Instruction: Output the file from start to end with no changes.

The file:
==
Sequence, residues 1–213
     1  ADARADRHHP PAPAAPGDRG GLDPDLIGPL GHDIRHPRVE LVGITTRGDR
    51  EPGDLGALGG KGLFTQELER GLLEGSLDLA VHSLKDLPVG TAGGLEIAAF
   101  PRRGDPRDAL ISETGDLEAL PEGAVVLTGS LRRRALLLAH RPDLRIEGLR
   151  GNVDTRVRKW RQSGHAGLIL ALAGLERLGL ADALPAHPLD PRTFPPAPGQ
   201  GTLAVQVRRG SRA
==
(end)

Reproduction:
Sequence, residues 1–213
     1  ADARADRHHP PAPAAPGDRG GLDPDLIGPL GHDIRHPRVE LVGITTRGDR
    51  EPGDLGALGG KGLFTQELER GLLEGSLDLA VHSLKDLPVG TAGGLEIAAF
   101  PRRGDPRDAL ISETGDLEAL PEGAVVLTGS LRRRALLLAH RPDLRIEGLR
   151  GNVDTRVRKW RQSGHAGLIL ALAGLERLGL ADALPAHPLD PRTFPPAPGQ
   201  GTLAVQVRRG SRA